CERTAINLY, somewhere in the world, Oscar night is considered a wildly over-hyped nonevent, little more than a glittery TV show lacking any heart or sense of history.
But not here.
Los Angeles, the one day of the year when a limousine sighting inspires more excitement than it does sarcasm, when the heavens traditionally oblige with dewy sunshine.
It's like Super Bowl Sunday, minus (some of) the testosterone, or senior prom, if all your friends were celebrities and 40 million people tuned in. And, like both occasions, Oscar night inspires the hallowed American tradition that is the boozy house party.
The Oscar viewing party gives movie fans the opportunity to celebrate the art of filmmaking, while, at the same time, lampooning it.
"Oscar night is the biggest night in movies," says Erin De Baets, a fifth-grade teacher who has held a viewing party in her Manhattan Beach home for 10 years. "It's fun to celebrate [and] indulge in some of the glamour."
All over town, fans are prepping. The folks in L.A. screenwriter Diane Fine's circle are stocking up on marshmallows to toss at the TV screen when acceptance speeches ramble or when a starlet's dress disappoints. A little later, publicist Frank Reifsnyder will be readying his "There Will Be Blood-y" Marys and "Juno" Non-Virgin Daiquiris.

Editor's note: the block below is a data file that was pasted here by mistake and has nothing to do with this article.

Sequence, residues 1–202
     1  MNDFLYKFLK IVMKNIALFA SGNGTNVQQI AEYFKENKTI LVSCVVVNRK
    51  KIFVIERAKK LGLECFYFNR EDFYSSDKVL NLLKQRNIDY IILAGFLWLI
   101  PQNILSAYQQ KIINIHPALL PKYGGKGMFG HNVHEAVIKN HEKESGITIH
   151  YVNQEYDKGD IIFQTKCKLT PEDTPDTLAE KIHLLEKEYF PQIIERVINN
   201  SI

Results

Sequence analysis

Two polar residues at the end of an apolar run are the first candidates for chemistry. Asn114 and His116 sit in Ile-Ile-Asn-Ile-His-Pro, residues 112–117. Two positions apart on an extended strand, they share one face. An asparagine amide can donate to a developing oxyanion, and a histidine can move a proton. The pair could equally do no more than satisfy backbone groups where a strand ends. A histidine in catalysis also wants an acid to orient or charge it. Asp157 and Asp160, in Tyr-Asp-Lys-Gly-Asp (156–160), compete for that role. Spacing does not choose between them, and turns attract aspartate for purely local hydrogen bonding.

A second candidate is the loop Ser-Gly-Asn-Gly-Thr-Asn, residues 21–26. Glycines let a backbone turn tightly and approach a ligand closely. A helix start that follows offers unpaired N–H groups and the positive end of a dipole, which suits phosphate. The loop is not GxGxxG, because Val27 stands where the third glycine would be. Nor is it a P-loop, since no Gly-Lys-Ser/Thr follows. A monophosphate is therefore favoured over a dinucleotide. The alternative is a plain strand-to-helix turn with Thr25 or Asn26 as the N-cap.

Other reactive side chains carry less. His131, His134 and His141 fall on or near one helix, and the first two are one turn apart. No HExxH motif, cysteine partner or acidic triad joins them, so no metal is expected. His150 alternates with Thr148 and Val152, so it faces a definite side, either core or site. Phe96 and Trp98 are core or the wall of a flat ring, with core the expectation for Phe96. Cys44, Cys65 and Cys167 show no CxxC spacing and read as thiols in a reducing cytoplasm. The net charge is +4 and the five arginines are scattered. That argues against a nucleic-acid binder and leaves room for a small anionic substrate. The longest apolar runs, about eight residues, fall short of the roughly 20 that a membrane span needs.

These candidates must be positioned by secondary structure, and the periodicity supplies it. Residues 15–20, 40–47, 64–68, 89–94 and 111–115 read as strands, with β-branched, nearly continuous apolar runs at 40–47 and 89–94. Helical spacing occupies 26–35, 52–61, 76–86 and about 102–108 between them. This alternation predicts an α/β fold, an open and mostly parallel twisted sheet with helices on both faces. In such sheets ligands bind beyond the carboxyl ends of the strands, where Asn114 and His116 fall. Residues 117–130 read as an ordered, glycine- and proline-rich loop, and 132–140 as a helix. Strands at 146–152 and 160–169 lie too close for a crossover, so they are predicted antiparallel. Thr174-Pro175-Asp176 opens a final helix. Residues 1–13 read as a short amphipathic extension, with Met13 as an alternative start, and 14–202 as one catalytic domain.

And no doubt De Baets has already printed her custom-made Oscar bingo cards, with spaces for "presenter stumbles with envelope" and "absent winner."
Generally, every Oscar viewing party has to have homemade ballots, a cash prize for the guest who can predict the most winners and movie-themed prizes.
Sometimes there are gag gifts for those who predict the fewest winners. Reifsnyder gave away "Gigli" as a booby prize one year. For militant movie fans, there must be a "quiet room" to watch the ceremony.
Fine's Oscar-viewing contingent is a discerning group of USC film school grads who take the prediction game very seriously. "If you don't know the difference between sound mixing and sound editing then we don't want you in our group," she says.
De Baets is a bit less draconian about film expertise. Her guests bet on the length of the longest acceptance speech and the number of deceased people included in the memoriam montage.
Then there are the few who take the Oscar house party to a new level.
San Francisco-based travel book publisher Alan Davis and his interior designer wife, Mary Lou Dauray, have hosted an extravagant $14,000 affair -- complete with costumes, fortuneteller, themed food and activities -- every year since the mid-1990s when he first experienced Los Angeles on Oscar night. "You want to go to L.A. when it is at its absolute peak," says Davis, author of "The Fun Also Rises," a guide to the world's most enjoyable experiences. "The peak experience for Los Angeles is being there during Academy Award weekend."
Davis and Dauray had a wine tasting and picnic food at their 2005 party, when "Sideways" was competing for best picture; in honor of "Pollock's" nominations for Ed Harris as the artist Jackson Pollock and Marcia Gay Harden as his wife, Lee Krasner, the couple reserved one room for splatter paintings, and every guest got to take their creation home.
Davis' guests, a mix of lawyers and secretaries, teamsters and Silicon Valley types, have gotten so accustomed to the party that they now try to outdo one another with their costumes. In 2004, when the drama "House of Sand and Fog" was competing in three categories, one couple came dressed as sand and fog.
"It's an excuse to give people an opportunity to get out of themselves because so many people relate to films and Hollywood," says Davis. "Everybody can participate."